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ROSE BOWL | USC VS. TEXAS | Chris Dufresne INSIDE THE
GAME

Is Carroll the Man With the Plan to Stop Young?

January 04, 2006|Chris Dufresne

Give USC Coach Pete Carroll a month to prepare for a major bowl and watch him stop:

* Iowa, 38-17, in the 2003 Orange Bowl.

* Michigan, 28-14, in the 2004 Rose Bowl.

* Oklahoma, 55-19, in the 2005 Orange Bowl.

Give Carroll a month to prepare and watch him stop ... Texas?

It gets more complex tonight because Carroll has not seen an offense like the Longhorns' outside his own complex.

Carroll has devised game plans for good players but never one like Vince Young, the best running quarterback in college since Michael Vick and a pretty decent passer, if you consider decent leading the NCAA in efficiency during the regular season with a rating of 168.6.

As an assistant coach at Pacific in 1983, Carroll got a long-legged look at quarterback Randall Cunningham of Nevada Las Vegas.

Carroll remembers Cunningham being a gangly blur with a big arm, describing him as "hurdling over" Pacific players. (Final score: UNLV 28, Pacific 7.)

"I haven't seen Vince do that yet," Carroll said of the hurdling talent, "but he's got it in him if he needs it, I'm sure."

It was funny how they trotted two Pete Carrolls out for interviews early this week. The first was Head Coach Pete, face-of-the-program, overall-picture, jokester Pete.

The BCS?

"Is it one guy, like the Wizard of Oz kind of thing?" Carroll wondered.

The next day, a more detail-specific Carroll took questions beneath the placard of "defensive coordinator," which technically is his day (and sometimes night) job.

"There's been a great process getting ready for this," Carroll the coordinator said. "We're deep, deep in preparation."

The room in which a coordinator prepares for Vince Young must be a cold, lonely place.

Carroll burst out laughing when it was suggested that he might have "enjoyed" the process, but then admitted it really had stirred his competitive juices.

Whether Carroll and staff have constructed a strategy to slow Young is the key to the Trojans winning their third consecutive Associated Press national title in tonight's Rose Bowl game.

In a weird way, the 39th-ranked USC defense might actually have a shot at this.

The challenge is almost inside out when compared to last year's proposition against Oklahoma in the Orange Bowl, when Oklahoma's weakness played into USC's defensive strengths.

The Trojans had a dominating front, led by Shaun Cody and Mike Patterson. Oklahoma countered with injury-slowed pocket passer Jason White.

White, twice sacked and forced into three interceptions in a 55-19 debacle, was the proverbial "sitting duck."

"We all knew he had a couple of knee surgeries and he was not going to take off and run," Trojan defensive end Frostee Rucker said. "This guy [Young] is different."

USC's front line this year is not as dominant, its pass rush not as fierce.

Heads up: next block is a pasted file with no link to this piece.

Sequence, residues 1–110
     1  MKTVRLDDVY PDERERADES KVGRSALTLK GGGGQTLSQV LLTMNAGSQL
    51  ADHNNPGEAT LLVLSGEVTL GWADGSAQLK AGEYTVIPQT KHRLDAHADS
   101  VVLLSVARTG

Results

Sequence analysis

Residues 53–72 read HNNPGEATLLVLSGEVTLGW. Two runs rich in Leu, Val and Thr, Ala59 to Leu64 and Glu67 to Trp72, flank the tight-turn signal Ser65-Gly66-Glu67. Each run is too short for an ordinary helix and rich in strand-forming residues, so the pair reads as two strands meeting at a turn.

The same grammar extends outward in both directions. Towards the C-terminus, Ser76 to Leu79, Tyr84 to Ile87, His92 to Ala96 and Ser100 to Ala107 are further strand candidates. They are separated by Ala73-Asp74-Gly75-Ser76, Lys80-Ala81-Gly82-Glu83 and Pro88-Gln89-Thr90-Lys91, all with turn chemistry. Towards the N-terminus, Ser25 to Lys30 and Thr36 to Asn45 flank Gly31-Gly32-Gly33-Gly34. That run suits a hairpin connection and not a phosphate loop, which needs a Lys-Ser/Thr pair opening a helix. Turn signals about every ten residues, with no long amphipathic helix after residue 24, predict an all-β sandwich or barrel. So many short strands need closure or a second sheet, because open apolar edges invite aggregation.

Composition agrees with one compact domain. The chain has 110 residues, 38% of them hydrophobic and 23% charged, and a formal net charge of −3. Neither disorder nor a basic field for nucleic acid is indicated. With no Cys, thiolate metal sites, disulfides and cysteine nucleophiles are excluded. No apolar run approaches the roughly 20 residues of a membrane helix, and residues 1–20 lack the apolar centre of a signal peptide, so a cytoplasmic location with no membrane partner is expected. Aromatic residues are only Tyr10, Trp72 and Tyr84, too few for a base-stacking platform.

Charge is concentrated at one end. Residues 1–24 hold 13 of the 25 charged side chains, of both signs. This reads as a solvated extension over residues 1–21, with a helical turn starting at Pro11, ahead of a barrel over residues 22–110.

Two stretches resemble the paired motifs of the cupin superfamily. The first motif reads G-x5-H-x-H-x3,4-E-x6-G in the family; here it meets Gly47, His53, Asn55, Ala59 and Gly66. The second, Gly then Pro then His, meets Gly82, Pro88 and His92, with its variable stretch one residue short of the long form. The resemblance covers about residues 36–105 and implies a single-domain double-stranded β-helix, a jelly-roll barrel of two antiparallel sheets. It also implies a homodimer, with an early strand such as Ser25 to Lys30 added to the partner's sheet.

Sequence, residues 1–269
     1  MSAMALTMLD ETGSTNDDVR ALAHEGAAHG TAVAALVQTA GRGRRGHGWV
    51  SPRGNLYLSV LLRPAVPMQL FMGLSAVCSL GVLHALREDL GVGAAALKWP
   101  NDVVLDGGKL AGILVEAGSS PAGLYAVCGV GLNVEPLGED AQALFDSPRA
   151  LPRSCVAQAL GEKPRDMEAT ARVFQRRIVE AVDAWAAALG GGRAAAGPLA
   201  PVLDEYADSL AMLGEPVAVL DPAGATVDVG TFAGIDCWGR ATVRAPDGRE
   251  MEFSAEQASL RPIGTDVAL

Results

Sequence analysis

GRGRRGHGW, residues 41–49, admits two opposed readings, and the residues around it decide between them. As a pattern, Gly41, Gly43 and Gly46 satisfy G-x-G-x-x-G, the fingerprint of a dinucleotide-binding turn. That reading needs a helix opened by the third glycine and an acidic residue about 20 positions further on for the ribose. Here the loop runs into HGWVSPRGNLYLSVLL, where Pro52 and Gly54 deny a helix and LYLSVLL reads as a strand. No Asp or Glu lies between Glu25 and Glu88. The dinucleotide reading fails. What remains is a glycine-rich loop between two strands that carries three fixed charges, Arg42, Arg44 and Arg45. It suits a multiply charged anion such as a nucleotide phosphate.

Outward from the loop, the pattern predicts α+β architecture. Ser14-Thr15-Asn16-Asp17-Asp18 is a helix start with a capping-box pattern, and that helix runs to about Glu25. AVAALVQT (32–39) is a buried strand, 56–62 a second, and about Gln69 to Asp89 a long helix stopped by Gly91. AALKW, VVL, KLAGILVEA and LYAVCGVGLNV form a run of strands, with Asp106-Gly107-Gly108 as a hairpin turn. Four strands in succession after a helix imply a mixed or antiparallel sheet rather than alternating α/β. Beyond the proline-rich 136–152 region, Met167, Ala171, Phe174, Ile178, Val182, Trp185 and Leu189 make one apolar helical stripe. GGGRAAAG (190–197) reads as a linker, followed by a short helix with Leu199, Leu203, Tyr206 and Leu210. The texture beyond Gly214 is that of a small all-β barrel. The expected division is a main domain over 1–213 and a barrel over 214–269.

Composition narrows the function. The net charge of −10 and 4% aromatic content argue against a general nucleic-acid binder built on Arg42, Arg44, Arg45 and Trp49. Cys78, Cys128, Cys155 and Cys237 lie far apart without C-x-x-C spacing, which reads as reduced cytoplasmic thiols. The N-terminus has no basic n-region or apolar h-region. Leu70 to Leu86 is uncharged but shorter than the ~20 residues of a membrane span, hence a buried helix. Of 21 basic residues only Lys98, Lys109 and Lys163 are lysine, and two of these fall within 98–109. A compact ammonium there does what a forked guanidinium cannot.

Interestingly, though, containing the quarterback this year may be more important than sacking him.

The danger in bull-rushing Young is getting to the spot where you think he is, only to discover that Young, like Elvis, has left the arena.

"Not only do you have to get to the quarterback," defensive end Lawrence Jackson explained, "you have to get there under control."

The Trojans don't have Cody and Patterson this time, but they have fast ends and linebackers, which could be the right combination to hold Young in check.

Carroll isn't about to reveal his plan, but it seems obvious that USC has to put Young "in a box" and prevent him from the ad-lib runs that can destroy game plans.

Young is improved as a thrower. He's completing 63.9% of his passes this year for 2,769 yards and 26 touchdowns.

When it comes down to it, though, you must choose Young's arm over his legs.

Young has a funky throwing motion and has been prone to spurts of wildness. His legs, though, rarely betray him.

Possible game-plan backdrop:

On Nov. 5, minutes before underdog Miami took the field against Virginia Tech in Blacksburg, Va., former Miami coach Fran Curci, now a radio analyst, was asked how he thought the game was going to go.

Curci didn't hesitate, saying that Miami's athletic defense would not let Marcus Vick beat them with his feet -- and that's exactly how it played out.

Miami dominated and won, 27-7, and Vick had a miserable game, completing only eight of 22 passes for 90 yards. He gained seven yards in 17 carries, was sacked five times and committed six turnovers.

A month later, against Florida State, another fast defense, Virginia Tech suffered its second loss, 27-22, in the Atlantic Coast Conference title game.

Vick had 11 yards rushing.

Vick is a mobile quarterback with a big arm.

Vick is not Vince Young.

"There's nobody like this," Carroll said.

Tossing a defensive fish net around Young might not be enough. And it may be a trap.

Carroll: "He's so good, he draws all your attention on a team loaded with talent."

There appear few other options, though, other than losing.

Give Pete Carroll a month to prepare and watch him try to stop Texas.

"It's too much time, almost," Carroll said.

Time is almost up.

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